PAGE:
Director: Martin Scorsese; Writer: Terence Winter; Starring: Leonardo DiCaprio, Jonah Hill, Margot Robbie, Kyle Chandler, Matthew McConaughey, Rob Reiner, Jon Bernthal, Jon Favreau, Jean Dujardin, Joanna Lumley, Cristin Milioti; Running time: 180 minutes; Certification: 18
“I want you all to solve your problems by getting RICH!” The sentence, howled into the microphone by Leo before an office full of his employees, appears to be the moral for much of Jordan Belfort’s fascinating, crazy story of wealth, women and material possessions. That’s just one example in 180 minutes worth of the level of greed and lust coursing through these characters as they throw raucous parties, hold orgies in the office and generally get up to no good while essentially conning people into throwing their money at them. The level of unprofessionalism on display makes Belfort’s story genuinely hard to believe at times. Could they really have been so irresponsible? So careless? So incredibly arrogant? Apparently, absolutely so.
It’s rather funny that right off the back of Hugo, Scorsese’s most child-friendly film to date, comes perhaps his most adult. The Wolf Of Wall Street finally roars into UK cinemas fresh off of five Oscar nods for Best Picture, Best Actor, Best Supporting Actor, Best Director and Best Adapted Screenplay. While the likelihood of it winning them all is slim, frankly, it’s good for every one of the nominations. If I were to choose one winner out of the five, I’d go for DiCaprio for best actor. Even without the appalling omission of Tom Hanks, the statue is probably going to Chiwetel Ejiofor for 12 Years A Slave, but as terrific as he is in that film, Leo is equally terrific as the titular wolf in Scorsese’s rambunctious biopic – plus he has the added impetus of desperately deserving one for being pretty much perfect in every role he’s ever played.
The quality of DiCaprio in Wolf stems at least partly from his intimate understanding with his director. The pair have worked together five times now, with each film arguably even better than the last (although I still think The Departed is the most brilliant piece of work), and there’s grown to be a blatant understanding between the two. He’s boisterous and off the hook just enough not to become a caricature, yet during early proceedings when he’s a mere cub, he doesn’t overplay the naivety.
Throughout every step of the journey he completely convinces us that he is Jordan Belfort; that he really doesn’t care about anyone but himself and that he really is addicted to every drug on the market. One of the funniest moments is when he’s suddenly hit with the biggest high of his life and, being unable to even walk, creates “cerebral palsy” look. As he excruciatingly drags himself outside, rolls down the steps and edges towards his car, we can’t help but giggle uncontrollably and marvel at the brilliance of DiCaprio’s performance – yet it’s equally horrendous when we remember this actually happened, that everything in Belfort’s story is true.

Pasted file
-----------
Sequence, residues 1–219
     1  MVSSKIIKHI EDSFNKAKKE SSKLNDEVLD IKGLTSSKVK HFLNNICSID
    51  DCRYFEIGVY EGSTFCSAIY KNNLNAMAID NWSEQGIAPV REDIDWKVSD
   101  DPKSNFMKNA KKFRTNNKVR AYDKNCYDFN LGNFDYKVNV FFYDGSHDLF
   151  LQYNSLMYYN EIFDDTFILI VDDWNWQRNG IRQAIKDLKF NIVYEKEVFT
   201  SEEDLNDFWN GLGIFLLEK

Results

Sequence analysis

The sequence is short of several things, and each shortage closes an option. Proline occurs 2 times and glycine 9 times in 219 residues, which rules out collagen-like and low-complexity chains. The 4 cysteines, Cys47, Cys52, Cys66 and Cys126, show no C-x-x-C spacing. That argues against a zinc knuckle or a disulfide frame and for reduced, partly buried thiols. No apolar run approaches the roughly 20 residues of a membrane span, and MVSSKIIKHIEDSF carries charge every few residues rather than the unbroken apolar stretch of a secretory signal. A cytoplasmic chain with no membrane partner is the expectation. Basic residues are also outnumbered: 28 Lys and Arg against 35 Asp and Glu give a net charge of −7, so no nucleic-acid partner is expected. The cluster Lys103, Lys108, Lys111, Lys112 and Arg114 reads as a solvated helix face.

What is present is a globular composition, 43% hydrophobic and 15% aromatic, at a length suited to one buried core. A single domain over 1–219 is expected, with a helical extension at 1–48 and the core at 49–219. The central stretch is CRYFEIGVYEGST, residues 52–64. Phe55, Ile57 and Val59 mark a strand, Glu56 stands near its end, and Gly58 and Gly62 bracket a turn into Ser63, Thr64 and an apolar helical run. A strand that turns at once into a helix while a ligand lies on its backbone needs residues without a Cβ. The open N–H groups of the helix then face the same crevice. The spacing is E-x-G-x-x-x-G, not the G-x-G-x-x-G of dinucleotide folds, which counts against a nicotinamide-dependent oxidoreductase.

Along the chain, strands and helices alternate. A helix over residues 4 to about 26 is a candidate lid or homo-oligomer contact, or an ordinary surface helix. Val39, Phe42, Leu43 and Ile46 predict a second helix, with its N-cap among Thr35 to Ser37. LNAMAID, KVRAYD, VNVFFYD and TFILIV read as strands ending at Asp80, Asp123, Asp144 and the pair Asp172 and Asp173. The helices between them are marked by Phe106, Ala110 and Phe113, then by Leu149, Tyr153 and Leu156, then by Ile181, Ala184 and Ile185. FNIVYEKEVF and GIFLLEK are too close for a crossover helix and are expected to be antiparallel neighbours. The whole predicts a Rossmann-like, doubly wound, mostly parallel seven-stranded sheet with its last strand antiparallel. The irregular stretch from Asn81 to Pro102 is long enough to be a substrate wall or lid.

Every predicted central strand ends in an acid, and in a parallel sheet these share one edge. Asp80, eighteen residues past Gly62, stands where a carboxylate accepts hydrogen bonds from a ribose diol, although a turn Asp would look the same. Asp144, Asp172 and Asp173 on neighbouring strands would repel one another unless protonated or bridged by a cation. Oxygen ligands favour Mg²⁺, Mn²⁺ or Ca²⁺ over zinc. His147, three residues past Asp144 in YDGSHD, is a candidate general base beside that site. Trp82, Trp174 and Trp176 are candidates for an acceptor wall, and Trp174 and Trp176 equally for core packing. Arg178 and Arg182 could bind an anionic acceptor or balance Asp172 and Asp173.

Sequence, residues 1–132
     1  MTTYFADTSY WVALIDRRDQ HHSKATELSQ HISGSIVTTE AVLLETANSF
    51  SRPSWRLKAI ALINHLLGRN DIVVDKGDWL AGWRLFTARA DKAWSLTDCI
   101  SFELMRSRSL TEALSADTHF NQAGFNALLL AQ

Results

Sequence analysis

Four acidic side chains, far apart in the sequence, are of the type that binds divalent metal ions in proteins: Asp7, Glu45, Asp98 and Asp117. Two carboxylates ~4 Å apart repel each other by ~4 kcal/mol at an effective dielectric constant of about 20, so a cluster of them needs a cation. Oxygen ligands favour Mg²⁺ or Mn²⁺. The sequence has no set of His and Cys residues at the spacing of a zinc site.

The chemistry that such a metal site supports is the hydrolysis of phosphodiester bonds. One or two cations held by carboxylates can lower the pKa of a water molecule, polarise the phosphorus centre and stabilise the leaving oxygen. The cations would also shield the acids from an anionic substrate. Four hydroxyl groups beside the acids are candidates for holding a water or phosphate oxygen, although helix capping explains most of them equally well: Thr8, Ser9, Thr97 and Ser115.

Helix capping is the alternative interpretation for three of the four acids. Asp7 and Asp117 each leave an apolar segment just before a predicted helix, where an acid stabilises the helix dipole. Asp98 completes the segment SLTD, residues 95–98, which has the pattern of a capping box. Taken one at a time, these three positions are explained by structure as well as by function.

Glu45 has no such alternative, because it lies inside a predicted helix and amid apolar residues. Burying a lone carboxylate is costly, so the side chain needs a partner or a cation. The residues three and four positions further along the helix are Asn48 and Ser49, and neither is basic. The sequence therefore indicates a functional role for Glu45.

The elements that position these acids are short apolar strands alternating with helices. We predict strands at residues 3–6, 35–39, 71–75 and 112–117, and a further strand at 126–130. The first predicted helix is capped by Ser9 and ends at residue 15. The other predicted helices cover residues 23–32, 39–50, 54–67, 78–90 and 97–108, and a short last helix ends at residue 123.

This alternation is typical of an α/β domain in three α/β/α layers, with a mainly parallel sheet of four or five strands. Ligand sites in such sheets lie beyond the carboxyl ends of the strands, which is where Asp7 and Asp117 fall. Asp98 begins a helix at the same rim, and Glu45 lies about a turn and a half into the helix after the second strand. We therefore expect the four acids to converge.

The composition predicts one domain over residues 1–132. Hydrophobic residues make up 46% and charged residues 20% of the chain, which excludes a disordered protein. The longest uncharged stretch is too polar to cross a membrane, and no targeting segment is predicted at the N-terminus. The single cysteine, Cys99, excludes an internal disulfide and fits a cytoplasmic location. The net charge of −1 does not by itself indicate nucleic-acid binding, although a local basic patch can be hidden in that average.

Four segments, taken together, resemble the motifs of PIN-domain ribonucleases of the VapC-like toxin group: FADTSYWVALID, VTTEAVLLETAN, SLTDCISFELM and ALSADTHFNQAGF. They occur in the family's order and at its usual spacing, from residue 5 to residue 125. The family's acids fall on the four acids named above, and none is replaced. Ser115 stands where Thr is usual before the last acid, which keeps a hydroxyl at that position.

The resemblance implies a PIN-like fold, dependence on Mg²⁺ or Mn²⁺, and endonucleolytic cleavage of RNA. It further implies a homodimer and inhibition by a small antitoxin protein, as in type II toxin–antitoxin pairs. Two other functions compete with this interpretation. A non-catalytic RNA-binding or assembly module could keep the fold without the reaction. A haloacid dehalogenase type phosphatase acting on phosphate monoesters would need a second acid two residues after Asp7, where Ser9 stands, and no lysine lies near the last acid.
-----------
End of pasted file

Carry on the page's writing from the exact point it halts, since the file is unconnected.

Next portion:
It’s also curious how seemingly kind the film is to its protagonist (some would of course argue he’s the very opposite). While the screenplay is directly based on Belfort’s book of the same name, it appears to have gone down one of two roads. We never exactly sympathise with Belfort, but we feel something for him, which is strange because for all intents and purposes, his story is pretty despicable. He’s a greedy, arrogant, uncaring, unfaithful drug addict who cares for nothing more than his riches, and we know that if it were us on the other end of the line he wouldn’t stop until he had our money.
Yet on that other end we somehow understand his plight. For who wouldn’t want to be rich? Who wouldn’t want to rise to the top? Is it truly his fault, for he started out like everyone else; young, ambitious and a bit timid? Was it ever really his goal to become the monster – or, indeed, the wolf – that he did? It’s an interesting moral dilemma that I think writer Terence Winter pitches just about right. I began this review with Belfort’s line about solving problems with riches, which as I said appears to be the moral of his story, but there’s actually a bit more to it than that. By the end we remain fairly unsympathetic towards him, as we would expect to, but the line “to err is human” undeniably drifts delicately into our thoughts.
There’s been a lot of talk about the length and whether it really needs to be three hours. The simple answer is that no, it certainly doesn’t. One crunch is that it does feel like a story we’ve seen before; the drama runs a very similar arc to something like Goodfellas where we witness the rise and inevitable decline of the young, wannabe king who desires nothing more than money and power, and there are a number of sequences that definitely could have been tightened up. Two and a half hours probably would have sufficed. Yet, that being said, it does remain gripping and completely entertaining for the entire running time, which for any three hour movie is something of an accomplishment. And what the hell, it’s Scorsese – in my mind he can do whatever he wants.
A wild and unashamedly entertaining – albeit familiar – ride from two masters at the top of their game. This is not Scorsese’s finest piece of work, but it is a damn fine piece of work.